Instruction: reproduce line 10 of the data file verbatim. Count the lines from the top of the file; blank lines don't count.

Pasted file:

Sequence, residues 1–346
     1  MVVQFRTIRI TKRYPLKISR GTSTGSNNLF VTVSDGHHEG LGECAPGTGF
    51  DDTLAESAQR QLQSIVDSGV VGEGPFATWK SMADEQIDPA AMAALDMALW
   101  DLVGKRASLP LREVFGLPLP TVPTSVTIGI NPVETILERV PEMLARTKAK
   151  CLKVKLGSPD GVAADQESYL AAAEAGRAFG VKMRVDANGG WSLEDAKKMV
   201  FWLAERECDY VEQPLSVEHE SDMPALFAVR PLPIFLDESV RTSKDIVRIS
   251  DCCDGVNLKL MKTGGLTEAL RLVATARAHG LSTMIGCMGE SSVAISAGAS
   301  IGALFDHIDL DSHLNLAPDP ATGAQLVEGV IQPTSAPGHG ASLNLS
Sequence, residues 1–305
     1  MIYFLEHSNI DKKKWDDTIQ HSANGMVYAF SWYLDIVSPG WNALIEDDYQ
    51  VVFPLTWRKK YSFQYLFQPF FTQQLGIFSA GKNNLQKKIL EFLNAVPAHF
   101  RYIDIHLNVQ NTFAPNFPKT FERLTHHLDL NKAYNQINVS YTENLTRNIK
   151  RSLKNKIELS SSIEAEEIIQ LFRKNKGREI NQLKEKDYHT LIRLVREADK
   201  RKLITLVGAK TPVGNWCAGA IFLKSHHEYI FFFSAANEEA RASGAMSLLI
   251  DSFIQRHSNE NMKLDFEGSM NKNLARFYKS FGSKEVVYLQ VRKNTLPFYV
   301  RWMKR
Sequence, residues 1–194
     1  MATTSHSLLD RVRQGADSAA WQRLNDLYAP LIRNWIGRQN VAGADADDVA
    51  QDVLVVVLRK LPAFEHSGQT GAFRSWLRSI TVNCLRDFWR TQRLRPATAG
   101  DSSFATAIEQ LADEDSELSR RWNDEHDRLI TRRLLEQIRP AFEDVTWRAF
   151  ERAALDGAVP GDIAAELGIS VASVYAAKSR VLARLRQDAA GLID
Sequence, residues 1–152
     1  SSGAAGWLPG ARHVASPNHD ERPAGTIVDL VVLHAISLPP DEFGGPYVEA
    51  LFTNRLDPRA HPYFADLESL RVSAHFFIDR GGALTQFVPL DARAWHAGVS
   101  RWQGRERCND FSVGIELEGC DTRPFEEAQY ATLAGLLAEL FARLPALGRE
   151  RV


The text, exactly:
     1  MIYFLEHSNI DKKKWDDTIQ HSANGMVYAF SWYLDIVSPG WNALIEDDYQ